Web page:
Allan and Flora reunited briefly in 1778 after his release, and they moved to Nova Scotia. Although Alan remained with his regiment in Canada, Flora went back to Skye in 1779. Her surviving two sons and older daughter returned with her, where they were reunited with the youngest daughter. This voyage was more exciting, as the ship was attacked by a French privateer. Accounts indicate that Flora remained on deck and suffered a broken arm. Upon her return, her brother built a cottage for her where she stayed until her husband’s return five years later. It seems she had a sense of humour as she supposedly said that she had fought in the service of both the House of Stuart and the House of Hanover but had been defeated in both endeavours.*

Flora died March 5, 1790, possibly at Kingsburgh, her husband’s family home (accounts differ). Her body was wrapped in a sheet on which Charles Stuart had slept all those years before, and buried at Kilmuir on the north end of Skye in the churchyard. Her funeral was supposedly well attended, and her grave was covered by a thin marble slab. The slab, however, was chipped away within a short time, and the pieces carried away by tourists. Subsequently, public subscriptions allowed a large granite cross on a pedestal to be erected in her memory.

Numerous accounts of Flora’s rescue of the prince and a few biographies were written about her. Although known for a brief adventure with Prince Charles Edward Stuart, her life was exciting and full of incident. Flora showed herself to be intelligent, faithful, determined, and resilient.

Flora MacDonald’s grave in Kilmuir Cemetery on the Isle of Skye, 6/2007, by Adam Cuerden,
From Wikimedia Commons

Sources include:

Dictionary of Ntional Biography, 1885-1900, Volume 35. “Macdonald, Flora” by Thomas Finlayson Henderson. On line at http://en.wikisource.org/wiki/Macdonald,_Flora(DNB00)

Internet Archives. MacGregor, Alexander. THE LIFE OF FLORA MACDONALD and her Adventures with Prince Charles*. Inverness: A & W MacKenzie, 1882. https://archive.org/details/lifeoffloramacdo00macguoft

GoogleBooks. THE SCOTS MAGAZINE Containing A GENERAL VIEW of the Religion, Politicks, Entertainment, etc. In Great Britain: and a Succinct Account of Publick Affairs Foreign and Domestic for the Year MDCCXLVII. Volume IX. June 1747. “Abstract of the act vicesimo George ii R Entitled, An Act for the King’s most gracious , general, and free pardon.” PP 258-261. http://books.google.com/books?id=FVwAAAAAYAAJ&pg=PA259&lpg=PA259&dq=act+of+grace+and+pardon+1747&source=bl&ots=R35BskguE1&sig=d2w5BqLPoKMxUWTkiJtQ1vMoObE&hl=en&sa=X&ei=Oi36U7rGNsqhyAS_tYKwCQ&ved=0CDUQ6AEwBQ#v=onepage&q=act%20of%20grace%20and%20pardon%201747&f=false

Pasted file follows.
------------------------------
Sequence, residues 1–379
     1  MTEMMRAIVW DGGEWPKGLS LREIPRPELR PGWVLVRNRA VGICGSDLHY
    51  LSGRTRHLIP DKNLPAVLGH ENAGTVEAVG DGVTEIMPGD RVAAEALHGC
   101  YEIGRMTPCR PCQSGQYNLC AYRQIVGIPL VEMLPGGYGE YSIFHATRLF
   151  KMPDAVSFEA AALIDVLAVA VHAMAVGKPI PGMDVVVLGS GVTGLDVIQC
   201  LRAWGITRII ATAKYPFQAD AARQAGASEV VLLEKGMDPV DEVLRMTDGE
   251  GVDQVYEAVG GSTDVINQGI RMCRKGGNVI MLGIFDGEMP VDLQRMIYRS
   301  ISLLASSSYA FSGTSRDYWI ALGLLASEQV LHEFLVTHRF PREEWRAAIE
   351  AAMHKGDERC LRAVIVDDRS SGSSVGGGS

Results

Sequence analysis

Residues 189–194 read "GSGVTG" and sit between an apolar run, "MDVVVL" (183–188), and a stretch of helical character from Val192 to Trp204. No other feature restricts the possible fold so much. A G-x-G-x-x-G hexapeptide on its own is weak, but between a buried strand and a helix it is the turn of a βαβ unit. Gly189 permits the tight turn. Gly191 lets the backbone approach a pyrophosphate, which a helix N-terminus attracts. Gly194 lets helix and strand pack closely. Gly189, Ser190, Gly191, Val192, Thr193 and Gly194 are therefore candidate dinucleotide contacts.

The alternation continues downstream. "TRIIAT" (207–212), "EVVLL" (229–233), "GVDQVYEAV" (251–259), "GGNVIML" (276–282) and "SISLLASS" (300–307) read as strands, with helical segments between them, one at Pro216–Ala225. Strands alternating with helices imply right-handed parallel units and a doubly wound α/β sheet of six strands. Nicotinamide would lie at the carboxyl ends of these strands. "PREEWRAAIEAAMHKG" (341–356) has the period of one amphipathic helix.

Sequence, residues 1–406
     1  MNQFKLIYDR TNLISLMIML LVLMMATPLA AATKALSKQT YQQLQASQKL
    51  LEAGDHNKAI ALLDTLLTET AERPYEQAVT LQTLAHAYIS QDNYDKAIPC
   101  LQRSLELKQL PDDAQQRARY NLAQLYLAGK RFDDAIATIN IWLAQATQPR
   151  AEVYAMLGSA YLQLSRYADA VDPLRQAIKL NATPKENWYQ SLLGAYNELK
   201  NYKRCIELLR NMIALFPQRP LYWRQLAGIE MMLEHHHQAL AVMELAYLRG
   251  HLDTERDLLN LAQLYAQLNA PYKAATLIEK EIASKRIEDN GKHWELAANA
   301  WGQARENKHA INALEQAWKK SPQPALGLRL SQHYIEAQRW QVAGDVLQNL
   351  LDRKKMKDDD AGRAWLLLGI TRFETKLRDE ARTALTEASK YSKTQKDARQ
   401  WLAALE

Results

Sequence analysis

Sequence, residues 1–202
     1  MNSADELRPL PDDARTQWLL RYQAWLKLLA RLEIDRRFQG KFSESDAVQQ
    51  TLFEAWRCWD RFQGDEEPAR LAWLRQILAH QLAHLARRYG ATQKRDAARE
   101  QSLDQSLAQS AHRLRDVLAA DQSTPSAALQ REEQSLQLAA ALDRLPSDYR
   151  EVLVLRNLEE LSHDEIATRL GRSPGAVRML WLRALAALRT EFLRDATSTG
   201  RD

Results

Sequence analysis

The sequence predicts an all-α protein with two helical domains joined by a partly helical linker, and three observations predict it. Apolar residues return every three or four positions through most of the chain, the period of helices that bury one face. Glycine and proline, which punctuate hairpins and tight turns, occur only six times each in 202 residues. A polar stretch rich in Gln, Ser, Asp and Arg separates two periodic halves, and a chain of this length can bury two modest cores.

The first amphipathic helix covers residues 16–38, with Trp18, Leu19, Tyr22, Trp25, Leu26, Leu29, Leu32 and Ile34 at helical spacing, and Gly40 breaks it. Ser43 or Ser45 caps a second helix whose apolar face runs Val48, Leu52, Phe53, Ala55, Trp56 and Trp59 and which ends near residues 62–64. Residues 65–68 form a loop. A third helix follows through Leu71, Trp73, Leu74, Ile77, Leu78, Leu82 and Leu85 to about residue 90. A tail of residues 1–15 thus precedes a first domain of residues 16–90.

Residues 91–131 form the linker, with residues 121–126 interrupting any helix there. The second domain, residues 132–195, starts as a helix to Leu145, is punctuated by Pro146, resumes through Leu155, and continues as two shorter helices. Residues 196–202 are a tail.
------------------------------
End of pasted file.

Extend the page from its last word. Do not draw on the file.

Scotland Magazine on-line. “What Flora did next.” By Jackie Cosh. Issue 22, p. 48. Http://www.scotlandmag.com/magazine/issue22/12006639.html

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Lauren Gilbert is author of HEYERWOOD: A Novel, and lives in Florida with her husband. Her second novel, working title A Rational Attachment, is expected to be released later this year.


Friday, August 29, 2014

Reynolds, Siddons and the Tragic Muse

by Catherine Curzon

Last month, I wrote of the remarkable celebrity of Sarah Siddons, the first lady of the Georgian stage who was so celebrated for her portrayal of Lady Macbeth. Among her fans was Sir Joshua Reynolds, the near legendary Georgian artist, and he memorialised Mrs Siddons forever in his remarkable 1784 work, Mrs Siddons as the Tragic Muse.

This portrait has been an inspiration to me for many years and a print hangs in pride of place in my sitting room, where it often attracts compliments. When I look at this painting I see a remarkable piece of theatre, and one that rightly confirmed the actress's status as a superstar of the tragic stage, preserving Mrs Siddons forever as a figure of graceful authority, the living embodiment of Melpomene, the muse of tragedy.


Mrs Siddons as the Tragic Muse by Joshua Reynolds, 1784

When Mrs Siddons arrived to sit for the portrait, Reynolds told his adored subject, "Ascend upon your undisputed throne, and graciously bestow upon me some great idea of the Tragic Muse". Mrs Siddons accordingly draped herself in a somewhat monarchical fashion on her throne and in doing so appeared to assume the pose adopted by Isaiah on the Sistine Ceiling. However, she claimed that this was nothing but coincidence, having chosen this position when she found the initial pose requested by Reynolds to be too uncomfortable to hold. Whether this is true we cannot know but Mrs Siddons was well aware of the power of celebrity and perhaps was giving her own near-mythical reputation a helping hand!